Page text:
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GENERAL CLARKE AND THE CHICK ASAWS.

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probably drive these savages near the lakes or the Mississippi. Upon Clarke's return the Chickasaws sent deputies to him to treat for peace. Everything was quiet in the new settlements, and upwards of five thousand souls have been added to them since last September. The people there are extremely uneasy lest the free navigation of the Mississippi to the sea should not be secured to them upon a treaty of peace. If it is not, it will occasion another war in less than seven years. The inhabitants think they have a natural right to the free, though not the exclusive, navigation of that river, and in a few years they will be strong enough to enforce that right." '

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CHAPTER II.

THE YEAR OF THE PEACE.

1783.

In March, 1783, Colonel Mason addressed a letter to General Washington, in behalf of the latter's young kinsman, Lawrence Washington, of Chotank, who had been engaged in a duel with Mr. Philip Alexander, in which he had mortally wounded his antagonist. The father of Lawrence, whom George Mason designates as “old Mr. Lawrence Washington," was evidently the same person to whom General Washington left a bequest in his will, speaking of him and his cousin, Robert Washington, as the " acquaintances and friends of his juvenile years." They were descendants of Lawrence, the brother of Col. John Washington. Lund Washington was one of this same family.'

VIRGINIA, GUNSTON HALL,

March 19th, 1783. DEAR GENERAL :

My motives for troubling your Excellency at this particular time are motives of humanity. Mr. Lawrence Washington, Junr., who will deliver this has been unfortunately engaged in a duel, or rather an affray, with Mr. Philip Alexander of Chotanck; in which his antagonist was mortally wounded and died six or seven days after. I have taken some pains to inform myself of the real truth of the case, and have seen several testimonials, signed by

George Washington and Mount Vernon"; Moncure D. Conway, "Memoirs of the Long Island Historical Society," vol. iv.

LA WRENCE WASHINGTON AND MR. ALEXANDER.

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unprejudiced persons of credit, and though Mr. Washington may not be strictly justifiable in a legal sense, I am entirely of opinion that he has done no more than any man of sensibility and honour would have thought himself obliged to do under the same circumstances of provocation. Mr. Alexander appears to have been, in every instance, the aggressor; the provocation given Mr. Washington was of the most interesting and aggravating kind-an attempt to blast the reputation of a young lady of family and character, allied to him by the nearest ties of blood.

This is one of the few cases which does not admit the usual reparation of other wrongs, in a court of justice; a young lady's character being of too delicate a nature to be submitted to such an investigation ; and however false the defamation, however generally disbelieved, the injury is lasting. The custom of the world, the manners of the age we live in, the voice of nature calls upon relations and friends to redress an injured person, who from the natural weakness and incapacity of her sex is deprived of the means of doing it.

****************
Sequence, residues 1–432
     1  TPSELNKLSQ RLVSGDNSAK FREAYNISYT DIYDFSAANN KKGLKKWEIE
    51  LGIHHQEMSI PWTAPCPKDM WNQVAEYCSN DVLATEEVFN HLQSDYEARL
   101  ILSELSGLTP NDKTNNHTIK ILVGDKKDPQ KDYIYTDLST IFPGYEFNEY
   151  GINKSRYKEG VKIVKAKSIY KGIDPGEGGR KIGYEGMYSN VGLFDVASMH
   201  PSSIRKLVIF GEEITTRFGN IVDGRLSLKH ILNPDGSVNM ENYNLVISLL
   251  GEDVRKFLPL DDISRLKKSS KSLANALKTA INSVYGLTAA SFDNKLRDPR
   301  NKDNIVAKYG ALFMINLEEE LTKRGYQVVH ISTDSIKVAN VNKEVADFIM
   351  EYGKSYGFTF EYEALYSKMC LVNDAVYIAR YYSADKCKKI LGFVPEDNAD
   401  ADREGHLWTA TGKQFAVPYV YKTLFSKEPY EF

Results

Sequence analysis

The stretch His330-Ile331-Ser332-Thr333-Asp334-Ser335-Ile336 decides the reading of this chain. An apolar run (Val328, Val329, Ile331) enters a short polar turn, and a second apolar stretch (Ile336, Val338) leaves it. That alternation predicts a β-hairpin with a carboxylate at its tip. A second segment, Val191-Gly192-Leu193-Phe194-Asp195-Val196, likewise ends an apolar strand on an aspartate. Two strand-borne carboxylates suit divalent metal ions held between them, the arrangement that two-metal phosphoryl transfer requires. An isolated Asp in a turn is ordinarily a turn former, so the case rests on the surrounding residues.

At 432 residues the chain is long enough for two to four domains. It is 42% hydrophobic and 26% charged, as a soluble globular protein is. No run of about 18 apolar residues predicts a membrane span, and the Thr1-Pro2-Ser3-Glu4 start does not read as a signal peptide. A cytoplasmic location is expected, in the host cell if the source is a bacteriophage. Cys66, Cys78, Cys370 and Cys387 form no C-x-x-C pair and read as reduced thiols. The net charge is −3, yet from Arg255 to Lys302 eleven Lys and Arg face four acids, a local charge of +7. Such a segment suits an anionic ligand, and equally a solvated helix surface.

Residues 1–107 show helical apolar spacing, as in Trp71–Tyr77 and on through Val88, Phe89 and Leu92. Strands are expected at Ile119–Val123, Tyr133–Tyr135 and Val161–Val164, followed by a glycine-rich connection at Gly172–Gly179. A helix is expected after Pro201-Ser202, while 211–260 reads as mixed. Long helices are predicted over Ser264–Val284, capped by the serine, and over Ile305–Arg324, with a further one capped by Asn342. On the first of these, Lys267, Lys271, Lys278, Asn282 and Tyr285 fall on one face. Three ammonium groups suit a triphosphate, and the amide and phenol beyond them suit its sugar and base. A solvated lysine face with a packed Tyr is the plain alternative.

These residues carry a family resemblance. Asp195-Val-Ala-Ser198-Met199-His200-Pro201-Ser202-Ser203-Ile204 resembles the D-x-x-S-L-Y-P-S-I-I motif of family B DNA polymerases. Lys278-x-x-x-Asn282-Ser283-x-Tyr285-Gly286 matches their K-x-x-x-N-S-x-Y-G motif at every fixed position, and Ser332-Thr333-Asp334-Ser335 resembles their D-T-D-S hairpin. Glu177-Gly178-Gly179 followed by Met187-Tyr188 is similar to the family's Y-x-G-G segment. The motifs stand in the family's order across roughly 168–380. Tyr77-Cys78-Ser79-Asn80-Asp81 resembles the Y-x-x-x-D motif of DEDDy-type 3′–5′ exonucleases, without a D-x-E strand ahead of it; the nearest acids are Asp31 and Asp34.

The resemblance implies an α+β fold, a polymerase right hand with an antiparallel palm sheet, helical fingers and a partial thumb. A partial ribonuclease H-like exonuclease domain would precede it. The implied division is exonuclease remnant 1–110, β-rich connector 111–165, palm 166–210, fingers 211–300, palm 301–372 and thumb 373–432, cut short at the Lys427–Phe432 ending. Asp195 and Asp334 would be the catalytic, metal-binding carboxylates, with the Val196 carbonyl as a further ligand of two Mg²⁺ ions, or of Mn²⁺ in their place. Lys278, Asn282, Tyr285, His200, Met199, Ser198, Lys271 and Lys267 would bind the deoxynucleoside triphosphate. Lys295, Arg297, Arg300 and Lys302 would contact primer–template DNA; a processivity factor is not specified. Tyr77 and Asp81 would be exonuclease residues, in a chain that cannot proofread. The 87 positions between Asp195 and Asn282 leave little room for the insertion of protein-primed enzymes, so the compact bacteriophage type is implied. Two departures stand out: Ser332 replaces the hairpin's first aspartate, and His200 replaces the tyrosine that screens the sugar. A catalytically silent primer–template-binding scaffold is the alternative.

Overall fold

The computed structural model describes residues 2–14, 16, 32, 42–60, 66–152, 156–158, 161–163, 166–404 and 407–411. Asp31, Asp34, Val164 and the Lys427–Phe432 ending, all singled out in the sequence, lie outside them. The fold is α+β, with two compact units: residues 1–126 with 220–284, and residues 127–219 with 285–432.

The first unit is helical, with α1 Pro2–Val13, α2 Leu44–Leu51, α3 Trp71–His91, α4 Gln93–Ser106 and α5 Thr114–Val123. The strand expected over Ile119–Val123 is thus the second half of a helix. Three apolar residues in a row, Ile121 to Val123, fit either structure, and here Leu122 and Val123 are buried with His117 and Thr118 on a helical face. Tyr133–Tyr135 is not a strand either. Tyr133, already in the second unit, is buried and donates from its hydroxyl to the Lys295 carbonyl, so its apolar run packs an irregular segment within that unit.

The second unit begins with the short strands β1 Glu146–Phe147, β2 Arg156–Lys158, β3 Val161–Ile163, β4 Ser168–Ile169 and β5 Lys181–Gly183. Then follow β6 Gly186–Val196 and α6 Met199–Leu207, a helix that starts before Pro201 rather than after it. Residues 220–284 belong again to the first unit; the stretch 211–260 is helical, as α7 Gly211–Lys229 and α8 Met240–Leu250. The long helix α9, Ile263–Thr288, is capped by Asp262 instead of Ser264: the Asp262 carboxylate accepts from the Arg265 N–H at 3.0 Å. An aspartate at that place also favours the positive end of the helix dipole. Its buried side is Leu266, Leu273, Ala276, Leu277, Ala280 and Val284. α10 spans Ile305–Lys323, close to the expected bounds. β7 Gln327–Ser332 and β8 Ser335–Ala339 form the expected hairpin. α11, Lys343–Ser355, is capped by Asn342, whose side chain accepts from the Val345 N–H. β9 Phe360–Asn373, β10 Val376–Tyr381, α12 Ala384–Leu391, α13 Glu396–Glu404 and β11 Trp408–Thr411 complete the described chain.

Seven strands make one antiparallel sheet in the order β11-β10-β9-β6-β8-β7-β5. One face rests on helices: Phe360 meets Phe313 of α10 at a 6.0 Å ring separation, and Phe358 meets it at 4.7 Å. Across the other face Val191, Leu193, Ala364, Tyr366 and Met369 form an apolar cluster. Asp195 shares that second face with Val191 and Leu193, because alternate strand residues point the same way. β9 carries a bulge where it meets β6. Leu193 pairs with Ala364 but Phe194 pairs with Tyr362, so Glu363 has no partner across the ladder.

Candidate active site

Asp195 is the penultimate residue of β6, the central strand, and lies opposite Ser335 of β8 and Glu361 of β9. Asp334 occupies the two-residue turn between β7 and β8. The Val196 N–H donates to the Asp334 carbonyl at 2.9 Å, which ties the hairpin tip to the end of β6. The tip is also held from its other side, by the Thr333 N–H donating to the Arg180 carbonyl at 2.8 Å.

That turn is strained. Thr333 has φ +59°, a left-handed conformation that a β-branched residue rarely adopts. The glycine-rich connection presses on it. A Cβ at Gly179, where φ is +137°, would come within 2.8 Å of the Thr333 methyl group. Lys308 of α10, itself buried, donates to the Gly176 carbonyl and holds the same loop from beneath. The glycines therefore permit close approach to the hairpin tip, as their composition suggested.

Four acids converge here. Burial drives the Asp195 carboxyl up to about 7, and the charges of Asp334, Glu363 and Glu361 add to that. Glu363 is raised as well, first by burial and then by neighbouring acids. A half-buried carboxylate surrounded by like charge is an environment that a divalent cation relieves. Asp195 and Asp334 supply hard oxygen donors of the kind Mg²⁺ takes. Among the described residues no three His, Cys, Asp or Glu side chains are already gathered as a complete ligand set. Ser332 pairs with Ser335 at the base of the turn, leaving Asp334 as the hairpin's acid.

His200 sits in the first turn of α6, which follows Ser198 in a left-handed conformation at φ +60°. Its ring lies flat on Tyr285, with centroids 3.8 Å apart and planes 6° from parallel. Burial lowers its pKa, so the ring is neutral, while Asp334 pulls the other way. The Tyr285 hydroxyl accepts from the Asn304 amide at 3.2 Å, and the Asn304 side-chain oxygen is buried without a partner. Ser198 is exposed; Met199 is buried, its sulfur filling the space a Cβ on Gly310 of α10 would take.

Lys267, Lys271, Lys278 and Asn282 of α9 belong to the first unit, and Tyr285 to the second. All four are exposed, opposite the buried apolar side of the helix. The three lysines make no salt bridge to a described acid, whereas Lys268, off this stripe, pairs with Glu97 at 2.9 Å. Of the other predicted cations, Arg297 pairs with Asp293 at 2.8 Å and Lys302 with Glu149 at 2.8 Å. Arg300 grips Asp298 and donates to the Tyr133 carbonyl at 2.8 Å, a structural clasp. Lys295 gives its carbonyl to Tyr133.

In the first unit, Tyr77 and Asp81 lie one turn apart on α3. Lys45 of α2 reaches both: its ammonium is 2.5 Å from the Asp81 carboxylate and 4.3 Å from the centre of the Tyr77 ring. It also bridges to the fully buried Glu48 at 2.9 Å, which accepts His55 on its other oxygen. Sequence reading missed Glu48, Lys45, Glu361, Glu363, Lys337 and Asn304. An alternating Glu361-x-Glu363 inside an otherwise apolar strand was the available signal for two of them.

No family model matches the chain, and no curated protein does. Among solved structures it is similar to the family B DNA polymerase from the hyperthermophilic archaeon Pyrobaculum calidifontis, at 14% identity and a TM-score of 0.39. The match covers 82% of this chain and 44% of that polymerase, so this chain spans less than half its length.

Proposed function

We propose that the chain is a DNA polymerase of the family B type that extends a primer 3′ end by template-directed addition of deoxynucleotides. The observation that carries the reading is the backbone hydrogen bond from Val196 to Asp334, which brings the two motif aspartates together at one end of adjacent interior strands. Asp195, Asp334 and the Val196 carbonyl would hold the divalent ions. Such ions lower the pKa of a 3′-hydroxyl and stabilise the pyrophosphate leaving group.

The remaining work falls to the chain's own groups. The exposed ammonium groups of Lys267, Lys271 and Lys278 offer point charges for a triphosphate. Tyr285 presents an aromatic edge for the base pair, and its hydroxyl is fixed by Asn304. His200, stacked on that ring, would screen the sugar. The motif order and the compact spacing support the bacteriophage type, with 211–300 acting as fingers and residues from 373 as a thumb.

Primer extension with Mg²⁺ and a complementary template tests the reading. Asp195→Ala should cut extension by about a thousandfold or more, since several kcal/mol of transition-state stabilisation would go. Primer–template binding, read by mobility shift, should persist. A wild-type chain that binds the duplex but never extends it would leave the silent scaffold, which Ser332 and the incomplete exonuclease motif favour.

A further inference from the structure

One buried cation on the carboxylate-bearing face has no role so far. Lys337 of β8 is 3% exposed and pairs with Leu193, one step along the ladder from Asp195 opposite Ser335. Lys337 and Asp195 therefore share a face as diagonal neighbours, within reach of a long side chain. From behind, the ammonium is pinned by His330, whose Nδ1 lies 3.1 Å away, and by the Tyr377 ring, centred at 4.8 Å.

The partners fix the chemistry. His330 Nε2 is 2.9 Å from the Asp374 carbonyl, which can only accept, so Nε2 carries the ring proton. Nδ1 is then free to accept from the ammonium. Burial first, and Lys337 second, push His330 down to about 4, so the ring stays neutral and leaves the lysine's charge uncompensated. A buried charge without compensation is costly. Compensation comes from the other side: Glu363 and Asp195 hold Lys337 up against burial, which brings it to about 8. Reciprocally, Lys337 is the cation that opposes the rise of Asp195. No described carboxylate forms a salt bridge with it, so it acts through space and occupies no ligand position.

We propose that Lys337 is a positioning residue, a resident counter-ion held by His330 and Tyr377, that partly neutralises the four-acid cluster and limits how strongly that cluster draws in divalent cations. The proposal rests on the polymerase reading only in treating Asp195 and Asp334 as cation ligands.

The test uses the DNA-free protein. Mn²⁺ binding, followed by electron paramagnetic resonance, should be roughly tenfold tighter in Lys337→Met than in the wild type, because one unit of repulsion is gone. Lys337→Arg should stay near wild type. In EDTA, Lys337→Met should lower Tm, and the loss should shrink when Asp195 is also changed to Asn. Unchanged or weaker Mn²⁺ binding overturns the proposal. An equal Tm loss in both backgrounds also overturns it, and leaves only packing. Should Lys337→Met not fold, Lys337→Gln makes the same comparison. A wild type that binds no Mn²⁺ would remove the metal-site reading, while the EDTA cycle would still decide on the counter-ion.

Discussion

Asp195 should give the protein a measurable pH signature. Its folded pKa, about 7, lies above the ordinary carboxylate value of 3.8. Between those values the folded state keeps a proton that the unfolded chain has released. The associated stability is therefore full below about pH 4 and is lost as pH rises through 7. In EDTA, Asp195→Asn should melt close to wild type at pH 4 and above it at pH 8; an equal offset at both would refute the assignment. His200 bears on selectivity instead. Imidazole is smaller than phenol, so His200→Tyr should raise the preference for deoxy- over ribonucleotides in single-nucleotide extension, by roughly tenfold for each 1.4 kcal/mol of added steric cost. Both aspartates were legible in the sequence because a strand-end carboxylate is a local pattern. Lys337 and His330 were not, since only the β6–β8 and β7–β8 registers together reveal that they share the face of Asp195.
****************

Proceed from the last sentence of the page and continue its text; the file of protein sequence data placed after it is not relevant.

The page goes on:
Mr. Alexander after refusing to accept a challenge, and professing to act upon the defensive, added fresh injuries to those he had already offered, and continued to insult and abuse Mr. Washington in the grossest manner; and when they afterwards met at a public place and walked out together, fired his pistol first (at not more than a yard's distance) with a manifest intention to kill the other, before he knew whether it was Mr. Washington's design to act offensively or not; the ball missed him, though so very close that the powder burned his face. Mr. Washington instantly stepped back, and drawing a pistol from his belt, under his great-coat, shot the other in the body, which brought him to the ground. This was done in the sight of many people, and I think proves that Mr. Washington, in firing his pistol, acted upon the defensive. The only circumstances against him are his former challenge and his having desired Mr. Alexander, that day, to walk aside with him. Upon the whole, though I think Mr. Washington may safely stand his trial, and trust himself in the hands of an honest and impartial jury, yet he has been judiciously advised to absent himself for the present, until men's passions and prejudices have subsided, as he must first be tried by an examining court in the county where the deceased had many relatives and friends : and the circumstances of Mr. Alexander's remaining wounded and his life despaired of, several days before he died, during which time most of the neighbors visited him, has contributed not a little to heighten the prejudices against Mr. Washington. Such spectacles naturally excite our compassion and, of course, our resentment against the man who has been the cause ; our passions are inflamed too much to consult our reason ; and it is not until cool reflection returns that we are capable of inquiring into the merits. For these reasons, Mr. Washington has determined to pass a month or two in the army, if you shall be pleased to permit him to act in it as a volunteer.